How does Bayanihan law expiry affect government's COVID-19 response?

Arianne Merez, ABS-CBN News

Posted at Jun 25 2020 07:05 PM

President Rodrigo Duterte holds a meeting with members of the Inter-Agency Task Force on Emerging Infectious Diseases (IATF-EID) at the Malago Clubhouse in Malacañang, May 19, 2020. Karl Norman Alonzo, Presidential Photo

MANILA - The law that granted President Rodrigo Duterte additional powers to respond to the coronavirus pandemic expired on Thursday with government officials allaying concerns that it would hamper the delivery of government services meant to address the crisis.

Top government officials on Thursday assured the public that the expiry of the Bayanihan to Heal as One Act would not affect ongoing programs of the government for the COVID-19 pandemic.

"Sa ngayon po, wala namang epekto. Ang SAP (social amelioration program) distribution po eh nakalaan na po iyan for distribution," Presidential Spokesman Harry Roque said, referring to the cash aid program for poor families. 

(For now, there is no effect. the SAP is already ready for distribution.)

The government's inter-agency task force on pandemic response will still continue to formulate policies to respond to the crisis, Interior Secretary Eduardo Año said.

"Tayo pa rin ay nasa tinatawag na public health emergency at tayo pa rin ang kinakasangkapan ng ating Pangulo para magpatupad ng kaniyang mga direktiba ukol dito sa ating pagharap sa COVID crisis," he said.

(We are still in a public health emergency and the President has empowered us to execute his directives in responding to the COVID crisis.)

President Duterte signed the Bayanihan law on March 25, granting him more powers that included the authority to reallocate government savings to coronavirus-related programs, and grant exemptions from procurement laws.

The law also allowed the government to provide cash subsidies to 18 million poor families for two months while the country was on strict lockdown. The program was later expanded to include 5 million more families.


For now, Roque said the government has procured equipment it needs for the pandemic fight, such as test kits and medical gear.

"Importante po iyong nabigyan po tayo ng leeway para bumili ng lahat ng ating pangangailangan, unrestricted by the Government Procurement Act," Roque said.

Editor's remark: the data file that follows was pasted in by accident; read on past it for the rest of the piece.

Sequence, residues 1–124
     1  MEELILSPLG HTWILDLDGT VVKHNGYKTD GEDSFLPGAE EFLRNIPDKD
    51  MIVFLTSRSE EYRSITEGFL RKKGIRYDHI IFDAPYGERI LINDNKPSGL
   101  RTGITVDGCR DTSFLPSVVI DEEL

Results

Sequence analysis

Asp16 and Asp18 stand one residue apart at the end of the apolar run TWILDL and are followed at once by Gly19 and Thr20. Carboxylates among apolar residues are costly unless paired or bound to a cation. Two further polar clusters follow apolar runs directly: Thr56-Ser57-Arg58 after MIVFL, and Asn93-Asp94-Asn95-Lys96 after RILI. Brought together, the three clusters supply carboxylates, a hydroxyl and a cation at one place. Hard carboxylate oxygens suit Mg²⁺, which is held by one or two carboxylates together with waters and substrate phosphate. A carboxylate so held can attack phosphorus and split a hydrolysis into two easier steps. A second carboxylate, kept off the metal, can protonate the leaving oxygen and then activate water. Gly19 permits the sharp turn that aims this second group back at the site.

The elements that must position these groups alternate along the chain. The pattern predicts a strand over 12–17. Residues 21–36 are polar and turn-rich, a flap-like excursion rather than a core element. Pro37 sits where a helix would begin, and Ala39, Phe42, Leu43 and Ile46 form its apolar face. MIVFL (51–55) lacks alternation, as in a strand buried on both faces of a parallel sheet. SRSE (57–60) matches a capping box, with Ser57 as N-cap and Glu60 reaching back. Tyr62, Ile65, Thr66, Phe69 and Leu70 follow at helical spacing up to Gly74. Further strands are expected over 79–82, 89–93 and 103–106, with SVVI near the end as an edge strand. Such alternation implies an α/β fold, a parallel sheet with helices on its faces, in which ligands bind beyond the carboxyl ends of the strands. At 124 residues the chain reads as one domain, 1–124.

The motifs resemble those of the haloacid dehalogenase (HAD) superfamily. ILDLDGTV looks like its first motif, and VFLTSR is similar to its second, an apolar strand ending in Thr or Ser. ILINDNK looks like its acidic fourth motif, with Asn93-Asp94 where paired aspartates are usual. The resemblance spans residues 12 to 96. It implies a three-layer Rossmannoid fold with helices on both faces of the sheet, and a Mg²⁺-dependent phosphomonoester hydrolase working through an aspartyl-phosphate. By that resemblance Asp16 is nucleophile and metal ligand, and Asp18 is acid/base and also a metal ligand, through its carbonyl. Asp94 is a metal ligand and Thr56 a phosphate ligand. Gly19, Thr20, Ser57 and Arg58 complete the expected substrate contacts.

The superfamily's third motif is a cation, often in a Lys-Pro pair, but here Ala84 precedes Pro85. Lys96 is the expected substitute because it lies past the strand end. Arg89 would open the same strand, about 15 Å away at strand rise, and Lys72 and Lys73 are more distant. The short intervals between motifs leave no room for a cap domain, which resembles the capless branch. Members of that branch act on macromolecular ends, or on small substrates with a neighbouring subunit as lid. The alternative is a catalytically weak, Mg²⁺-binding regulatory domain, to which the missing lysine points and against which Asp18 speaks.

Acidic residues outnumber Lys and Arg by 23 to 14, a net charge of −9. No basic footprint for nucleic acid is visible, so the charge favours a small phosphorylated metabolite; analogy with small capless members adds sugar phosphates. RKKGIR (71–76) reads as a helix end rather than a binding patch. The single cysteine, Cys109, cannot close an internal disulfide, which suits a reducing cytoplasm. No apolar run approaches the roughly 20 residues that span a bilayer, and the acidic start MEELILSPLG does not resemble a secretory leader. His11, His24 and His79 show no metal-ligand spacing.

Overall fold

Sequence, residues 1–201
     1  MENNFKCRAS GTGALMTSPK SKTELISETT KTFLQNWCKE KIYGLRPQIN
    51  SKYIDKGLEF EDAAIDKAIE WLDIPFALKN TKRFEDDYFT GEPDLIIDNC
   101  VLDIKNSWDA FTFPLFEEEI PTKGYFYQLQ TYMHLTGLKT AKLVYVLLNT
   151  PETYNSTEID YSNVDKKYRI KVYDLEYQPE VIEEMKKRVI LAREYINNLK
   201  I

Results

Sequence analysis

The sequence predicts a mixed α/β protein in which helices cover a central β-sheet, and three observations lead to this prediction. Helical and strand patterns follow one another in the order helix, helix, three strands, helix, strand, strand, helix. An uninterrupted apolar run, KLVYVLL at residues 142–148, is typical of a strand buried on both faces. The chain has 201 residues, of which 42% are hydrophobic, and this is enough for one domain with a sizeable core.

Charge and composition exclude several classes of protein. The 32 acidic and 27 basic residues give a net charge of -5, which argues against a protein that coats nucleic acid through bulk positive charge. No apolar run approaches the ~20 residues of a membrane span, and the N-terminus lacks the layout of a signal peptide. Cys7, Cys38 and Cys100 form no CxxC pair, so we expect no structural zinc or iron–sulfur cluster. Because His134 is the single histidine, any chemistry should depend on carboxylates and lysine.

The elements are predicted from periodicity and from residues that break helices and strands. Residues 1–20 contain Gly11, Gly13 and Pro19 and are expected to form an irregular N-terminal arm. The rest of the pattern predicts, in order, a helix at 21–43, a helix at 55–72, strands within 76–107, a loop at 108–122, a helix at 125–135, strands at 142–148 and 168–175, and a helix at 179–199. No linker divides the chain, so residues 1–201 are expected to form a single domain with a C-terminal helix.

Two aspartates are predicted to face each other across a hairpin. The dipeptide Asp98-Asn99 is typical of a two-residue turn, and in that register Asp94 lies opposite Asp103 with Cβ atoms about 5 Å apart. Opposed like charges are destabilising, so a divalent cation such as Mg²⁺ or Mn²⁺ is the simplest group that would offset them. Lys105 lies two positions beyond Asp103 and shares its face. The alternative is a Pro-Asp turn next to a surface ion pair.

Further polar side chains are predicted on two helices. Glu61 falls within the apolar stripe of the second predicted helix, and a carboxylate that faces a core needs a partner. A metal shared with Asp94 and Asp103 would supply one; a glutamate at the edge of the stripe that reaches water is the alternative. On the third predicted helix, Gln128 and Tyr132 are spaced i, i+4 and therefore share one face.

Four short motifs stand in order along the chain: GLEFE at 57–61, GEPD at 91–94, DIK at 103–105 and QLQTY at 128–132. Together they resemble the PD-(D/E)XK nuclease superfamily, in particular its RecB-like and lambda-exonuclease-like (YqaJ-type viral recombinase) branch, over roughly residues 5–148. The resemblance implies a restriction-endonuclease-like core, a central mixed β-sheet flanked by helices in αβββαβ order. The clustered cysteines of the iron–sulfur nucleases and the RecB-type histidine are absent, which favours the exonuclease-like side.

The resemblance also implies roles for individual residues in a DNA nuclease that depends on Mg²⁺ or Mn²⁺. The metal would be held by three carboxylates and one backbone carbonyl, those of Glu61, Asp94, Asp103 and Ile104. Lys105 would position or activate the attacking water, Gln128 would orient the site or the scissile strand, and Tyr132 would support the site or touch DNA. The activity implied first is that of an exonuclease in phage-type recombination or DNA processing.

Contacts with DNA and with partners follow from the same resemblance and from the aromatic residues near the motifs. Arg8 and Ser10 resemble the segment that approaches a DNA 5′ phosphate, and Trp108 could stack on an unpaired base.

(We were given a leeway to buy all the things we need, unrestricted by the Government Procurement Act.)

The effect of the expiry of the Bayanihan law would be felt if the country sees a sudden spike in COVID-19 cases that would exhaust its critical care system, he added.

"Kapag sumipa po ang numero ng COVID, napakadami po ang pangangailangan from ventilators, to PPEs to testing kits, to nurses, to medical personnel, so, iyon po ang dahilan kung bakit nagnanais tayo ng extension dahil hindi po natin alam kung anong mangyayari sa mga susunod na buwan," Roque said.

(Once there is a spike in COVID cases again, we will see again a sudden increase in demand for medical gear and medical personnel. That is why we are seeking an extension because we don't know what will happen in the coming months.) 

Congress adjourned session earlier this month without final approval of a stimulus package that would set the recovery track of the economy from the pandemic.

Roque had said that Malacañang "now wants a stimulus package that we can actually fund and that will not require too much borrowing."

The Palace spokesman said the President would call for a special session of Congress once economic managers have finalized the needed stimulus package to revive the country's economy bruised by the pandemic.

"Magpapatawag po ang Presidente ng special session kung mayroon na pong nabuong consensus, kung magkano iyong magiging stimulus package," Roque said.

(The President will call for a special session once there is a consensus on how much the stimulus package will be.)

As of June 4, the Philippines has secured at least $5.758 billion (P288 billion) in loans from different lenders to finance the country's response to the coronavirus pandemic, Roque said.

In terms of government spending, Budget Secretary Wendel Avisado said the Philippines had spent P355 billion for its response to the pandemic as of June 24, adding more funds were needed to address the crisis.

Of the amount, Avisado said P247.52 billion came from pooled savings while P96.7 billion came from unprogrammed appropriations.

The Philippines as of June 25 has confirmed 33,069 COVID-19 cases. The figure includes 1,212 deaths and 8,910 recoveries.

Meanwhile, fresh community quarantine protocols are set to take effect on July 1.